Investing in Spanish art can prove disastrous. Just ask Jaime Botin.

The uncle of Santander SA Chairman Ana Botin and a member of the dynasty that has run the bank for more than a century was sentenced on Thursday to 18 months in prison and fined 52.4 million euros ($58 million) for smuggling a Pablo Picasso painting out of Spain. He also lost the artwork itself.

Botin, who used to head Spanish lender Bankinter SA, was found guilty of contraband in culturally important goods and ordered to hand over the artist’s “Head of a Young Woman” which is valued at 26 million euros. The painting was seized from Botin’s yacht in Corsica after he took it there in breach of court orders that it should stay in Spain.

Spain has some of the strictest heritage laws in Europe. Any work of art more than 100 years old that is considered culturally important can be deemed a national treasure, forcing owners to obtain a permit before taking it out of the country. Botin was denied such a permit for the Picasso.

Prosecutors argued that Botin was smuggling the painting out of Spain -- instructing the captain of his yacht to lie to law enforcement -- with the objective of selling it at a London auction house. Botin countered that since the painting had been kept on his yacht, it had never been on Spanish territory and that he therefore had the right to take it to Switzerland for safekeeping, local media reported.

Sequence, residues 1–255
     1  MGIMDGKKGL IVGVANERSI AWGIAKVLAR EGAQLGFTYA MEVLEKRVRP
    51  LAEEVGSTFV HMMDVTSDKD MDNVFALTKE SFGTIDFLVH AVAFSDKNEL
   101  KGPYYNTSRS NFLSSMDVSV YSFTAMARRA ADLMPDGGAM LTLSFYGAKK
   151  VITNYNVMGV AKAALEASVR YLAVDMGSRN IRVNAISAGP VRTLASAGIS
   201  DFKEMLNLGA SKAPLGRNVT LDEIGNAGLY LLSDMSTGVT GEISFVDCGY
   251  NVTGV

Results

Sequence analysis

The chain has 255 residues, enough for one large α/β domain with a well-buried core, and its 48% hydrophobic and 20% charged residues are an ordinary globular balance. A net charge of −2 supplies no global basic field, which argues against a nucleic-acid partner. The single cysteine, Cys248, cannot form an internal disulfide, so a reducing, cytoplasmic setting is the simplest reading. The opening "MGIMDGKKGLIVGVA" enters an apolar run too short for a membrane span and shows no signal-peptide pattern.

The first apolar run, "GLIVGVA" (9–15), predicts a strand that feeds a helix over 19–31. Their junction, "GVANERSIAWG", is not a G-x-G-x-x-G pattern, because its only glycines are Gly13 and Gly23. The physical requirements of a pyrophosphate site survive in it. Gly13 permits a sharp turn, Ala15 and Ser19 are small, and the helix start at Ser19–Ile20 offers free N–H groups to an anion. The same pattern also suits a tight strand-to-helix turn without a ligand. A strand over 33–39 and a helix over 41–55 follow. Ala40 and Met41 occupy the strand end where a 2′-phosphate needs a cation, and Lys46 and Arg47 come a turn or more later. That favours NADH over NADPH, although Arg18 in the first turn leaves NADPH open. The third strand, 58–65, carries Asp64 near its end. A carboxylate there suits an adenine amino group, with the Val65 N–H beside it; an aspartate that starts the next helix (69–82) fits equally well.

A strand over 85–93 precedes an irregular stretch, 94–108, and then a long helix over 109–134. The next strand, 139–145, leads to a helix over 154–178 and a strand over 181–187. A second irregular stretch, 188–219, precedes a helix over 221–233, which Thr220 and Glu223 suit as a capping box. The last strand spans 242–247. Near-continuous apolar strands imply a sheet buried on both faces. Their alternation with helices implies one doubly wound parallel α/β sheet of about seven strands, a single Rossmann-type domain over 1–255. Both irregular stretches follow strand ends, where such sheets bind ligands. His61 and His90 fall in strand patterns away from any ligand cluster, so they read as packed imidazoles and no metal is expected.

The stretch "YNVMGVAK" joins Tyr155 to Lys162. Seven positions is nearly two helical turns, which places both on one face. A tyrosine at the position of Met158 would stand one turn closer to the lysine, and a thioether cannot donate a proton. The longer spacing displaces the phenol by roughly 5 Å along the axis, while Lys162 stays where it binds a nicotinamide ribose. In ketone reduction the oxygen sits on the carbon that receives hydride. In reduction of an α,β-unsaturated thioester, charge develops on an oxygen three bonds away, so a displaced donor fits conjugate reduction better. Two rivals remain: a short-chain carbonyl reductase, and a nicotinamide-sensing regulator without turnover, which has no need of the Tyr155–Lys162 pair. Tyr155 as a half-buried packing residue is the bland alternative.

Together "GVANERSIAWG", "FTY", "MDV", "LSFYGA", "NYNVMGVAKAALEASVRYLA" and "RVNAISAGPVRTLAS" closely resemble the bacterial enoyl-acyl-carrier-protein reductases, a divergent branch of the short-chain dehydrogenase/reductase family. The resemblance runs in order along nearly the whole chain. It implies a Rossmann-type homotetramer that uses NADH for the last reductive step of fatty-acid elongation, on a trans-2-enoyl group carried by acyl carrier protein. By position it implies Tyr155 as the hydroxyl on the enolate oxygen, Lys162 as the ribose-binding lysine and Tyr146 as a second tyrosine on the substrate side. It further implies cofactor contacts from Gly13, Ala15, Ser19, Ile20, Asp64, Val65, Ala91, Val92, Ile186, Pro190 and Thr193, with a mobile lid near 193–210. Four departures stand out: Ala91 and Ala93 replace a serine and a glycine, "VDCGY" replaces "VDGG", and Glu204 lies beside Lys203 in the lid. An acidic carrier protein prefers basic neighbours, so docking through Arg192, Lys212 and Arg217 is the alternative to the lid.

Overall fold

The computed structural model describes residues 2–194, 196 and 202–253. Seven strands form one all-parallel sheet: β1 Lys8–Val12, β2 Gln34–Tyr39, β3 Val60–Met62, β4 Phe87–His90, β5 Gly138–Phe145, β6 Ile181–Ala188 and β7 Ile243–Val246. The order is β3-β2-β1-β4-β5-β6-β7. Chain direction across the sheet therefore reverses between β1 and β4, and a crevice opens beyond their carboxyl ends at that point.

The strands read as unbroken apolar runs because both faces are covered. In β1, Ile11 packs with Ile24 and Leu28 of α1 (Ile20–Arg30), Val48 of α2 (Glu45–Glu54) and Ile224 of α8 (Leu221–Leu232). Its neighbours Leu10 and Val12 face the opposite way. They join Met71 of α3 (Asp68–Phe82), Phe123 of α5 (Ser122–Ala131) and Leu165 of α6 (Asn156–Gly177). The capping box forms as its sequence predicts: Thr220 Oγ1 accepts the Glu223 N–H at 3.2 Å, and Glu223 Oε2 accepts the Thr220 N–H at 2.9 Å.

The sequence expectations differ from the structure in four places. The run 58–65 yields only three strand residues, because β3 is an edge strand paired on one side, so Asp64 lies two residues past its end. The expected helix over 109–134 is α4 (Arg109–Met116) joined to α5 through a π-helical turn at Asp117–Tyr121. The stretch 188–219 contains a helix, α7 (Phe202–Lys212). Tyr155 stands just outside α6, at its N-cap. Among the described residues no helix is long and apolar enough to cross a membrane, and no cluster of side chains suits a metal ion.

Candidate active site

Early Work
Picasso painted “Head of a Young Woman” aged 24 in the early 1900s and Botin acquired the piece in 1977, according to U.K. website Artlyst. The work is a rare example of the “Rose” period predating the artist’s shift into the cubist style that produced some of his most famous works, such as the anti-war “Guernica” displayed in Madrid.

Spanish authorities have long suspected Botin of planning to sell the painting. In 2012 he authorized Christie’s auction house to seek an export permit from Madrid to London, Spanish Judge Elena Gonzalez concluded in her ruling. The painting was being billed as one of the top draws at an auction scheduled for February 2013, internal emails at Christie’s presented as evidence in the court showed.

As well as paying a fine that’s double the painting’s value, Botin must also pay court costs. The painting was seized by the state and handed over to the Reina Sofia art museum in Madrid. It’s currently sitting in deposit while authorities decide where to assign it.

Botin has ten days to appeal the sentence.

This article was provided by Bloomberg News.